It may have something to do with the pandemic, which made it difficult for the crew to shoot in the real Belfast, forcing them to build a 1960s street set on an airport runway. You can feel the lack of grit and texture in the production design, and also in the overly polished sheen of the images. But the problems with Belfast aren't just technical. There's an emotional restraint to this movie that should be admirable in theory: Branagh at least doesn't try to jerk sentimental tears. If anything, he's too guarded, as if he were reluctant to probe the past too deeply.
There's also something a little studied about the way Branagh relies on older movies to tell his family's story. At one point, he uses images from the classic western High Noon to underscore the struggle of Buddy's father when a menacing Protestant gang leader tries to recruit him for battle. It's a clever but secondhand reference in a movie that never quite finds its own point of view. All art may be autobiographical, but Belfast is a reminder that not all autobiography is necessarily art.
‘Belfast’: Kenneth Branagh’s Troubles-in-Mind Memoir-Drama Is a Personal Triumph
By David Fear
It’s 1969, and the street in Northern Ireland where 10-year-old Buddy (Jude Hill) lives is bustling with kids playing soccer, neighbors running in and out of row houses, mothers chatting in doorways and calling their children in for lunch. Then a mob suddenly appears from around a corner, with masked men throwing Molotov cocktails and setting cars on fire. Everything is chaos and jittery camera movements as folks scramble. Soon, British troops are checking papers and tanks are rolling down the block. It’s ground zero for the August Riots, which would set the stage for the sectarian violence that would become synonymous with Belfast for decades. These militants want the Catholics out of this largely Protestant neighborhood. They will burn every shop and home to the ground if they have to.
Buddy’s family is Protestant. His dad (Jamie Dornan) works in England, however, and has no issue with those of another faith — which makes the whole clan a target. It also takes him away from the family a lot, much to consternation of Buddy, his brother, and his long-suffering mom ( Outlander ‘s Catríona Balfe). Luckily, the lad has support from his grandparents (Ciarán Hinds and Dame Judi Dench), who, when they aren’t affectionately bickering with each other, counsel Buddy about how to woo the brainy girl he has a crush on. An older friend, Moira (Lara McDonnell), teaches him how to nick chocolate bars from the sweets shop. Star Trek is on TV, One Million Years B.C. is playing at the Saturday matinee picture show, blue-eyed Celtic soul is on every jukebox, and a man just landed on the moon. Life is beautiful, until it isn’t. Belfast is Buddy’s kingdom, his safe place, until it can’t be any longer.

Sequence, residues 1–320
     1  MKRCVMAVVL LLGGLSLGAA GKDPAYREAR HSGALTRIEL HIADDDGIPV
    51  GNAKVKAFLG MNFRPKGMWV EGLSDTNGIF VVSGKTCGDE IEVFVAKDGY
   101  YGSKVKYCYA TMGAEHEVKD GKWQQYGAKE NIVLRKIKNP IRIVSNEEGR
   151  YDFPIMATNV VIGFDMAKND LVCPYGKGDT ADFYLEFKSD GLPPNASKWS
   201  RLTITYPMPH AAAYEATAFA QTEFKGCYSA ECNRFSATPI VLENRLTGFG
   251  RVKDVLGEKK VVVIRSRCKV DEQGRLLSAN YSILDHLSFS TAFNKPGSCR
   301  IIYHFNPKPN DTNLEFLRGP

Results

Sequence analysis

Belfast, Kenneth Branagh ’s semi-autobiographical tale of growing up in late-Sixties Northern Ireland, is a major change of pace for the man who was once dubbed “the next Laurence Olivier,” and easily the best thing he’s done as a writer-director in decades. (All apologies to Hercule Poirot’s mustache .) It’s a memory piece, evoking a specific time, place, and political crisis in a way that is indelibly, achingly personal. This is the territory that the writer-director is staking out: the fertile ground where nostalgia meets history, filtered through both a boy’s eyes and an older man’s memory banks. It’s a look back in anger, for sure — but it also revisits the moment when the gates of Eden closed behind him that’s brimming with the wistful pang you get from flipping through old photographs, each more faded from time than the last.